The Complete Guide to Buying an Emerald

Buying an Emerald can be a very fun experience but it can also be a challenge and that is why I want to give you some tips so that you can make an informed decision to help you buy your perfect Emerald. All the tips below have come from many years studying, buying and selling these gorgeous green gemstones.

What is an Emerald?

It is always useful to understand a bit of information about a gemstone before you go and buy one, so here is a little bit of information about Emeralds.

  • Emeralds are part of the Beryl family, which also includes Aquamarine, Heliodor and Morganite
  • The beautiful green colour of Emeralds is caused by the element Chromium. While Chromium produces one of the finest greens in the world, it is also the reason why Emeralds are more brittle than the other members of the Beryl family. Nearly all natural Emeralds have at least on internal fracture.
  • Emeralds measure 7 1/2 on the Mohs hardness scale. This means they are more likely to be chipped or scratched than a Ruby, Sapphire or Diamond
  • The combination of being quite brittle and not that hard means that Emeralds are not the best choice of gemstone for a ring, they are far more suitable for earrings or pendants
  • Birthstone Month: May
  • Anniversary: 20th, 35th and 55th
The Gem Guide: Buying an Emerald
Natural Emerald: Img Credit GIA

Is the Emerald natural or synthetic?

The majority of people buying an Emerald will want a stone that has been made by nature not by someone in a laboratory somewhere and it is something you want to establish early when looking at a Emerald. The difference in price between a natural and synthetic of similar colour and clarity is massively different! One of the easiest ways to tell if an Emerald is natural or synthetic is to look at how free from inclusions the stone is, natural Emeralds are usually quite heavily fractured but synthetics are generally free from inclusions.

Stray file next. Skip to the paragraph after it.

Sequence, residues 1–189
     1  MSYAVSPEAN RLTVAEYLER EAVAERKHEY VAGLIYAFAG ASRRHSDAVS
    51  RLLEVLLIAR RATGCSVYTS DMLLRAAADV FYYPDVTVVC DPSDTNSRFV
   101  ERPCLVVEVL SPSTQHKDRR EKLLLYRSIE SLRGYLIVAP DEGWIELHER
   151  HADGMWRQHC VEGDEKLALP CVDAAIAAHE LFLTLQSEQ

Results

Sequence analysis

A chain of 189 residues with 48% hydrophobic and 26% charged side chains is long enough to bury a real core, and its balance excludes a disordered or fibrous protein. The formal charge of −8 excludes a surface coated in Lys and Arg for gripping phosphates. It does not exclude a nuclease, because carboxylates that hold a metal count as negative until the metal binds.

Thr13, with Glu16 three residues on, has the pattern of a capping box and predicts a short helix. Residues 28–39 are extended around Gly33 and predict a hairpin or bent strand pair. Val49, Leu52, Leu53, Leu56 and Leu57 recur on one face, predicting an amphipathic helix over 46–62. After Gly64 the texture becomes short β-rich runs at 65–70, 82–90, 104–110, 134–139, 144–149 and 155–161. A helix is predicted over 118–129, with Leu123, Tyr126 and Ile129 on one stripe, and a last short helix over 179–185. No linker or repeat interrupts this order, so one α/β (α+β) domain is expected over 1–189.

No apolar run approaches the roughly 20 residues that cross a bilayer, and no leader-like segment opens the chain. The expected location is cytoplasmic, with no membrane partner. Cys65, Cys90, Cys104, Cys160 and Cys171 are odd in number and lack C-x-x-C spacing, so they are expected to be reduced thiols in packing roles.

Has the Emerald been treated?

Most people will want an untreated stone as it adds more romance to the stone but in reality, it is estimated that over 90% of the Emeralds for sale at any given time have been treated or enhanced in some way but there are good treatments and bad treatments. If the seller is claiming that the Emerald has not been treated, ask them for a lab report from a reputable gem lab that collaborates this.

Good – Fracture Filling with natural oils

As I mentioned above, natural Emeralds are usually quite heavily fractured and without treatment these fractures can easily spotted and they don’t look very nice. So to combat this they fill the fractures with natural oils such as cedar wood oil, this reduces the appearance of the fracture and makes the stone look more attractive. This has been done for many years and is an industry accepted practise. You should take care with your Emerald if it has been fracture filled with oil as the oil can be removed over time and beauty and cleaning products can speed up the removal process.

Bad – Dyed Stones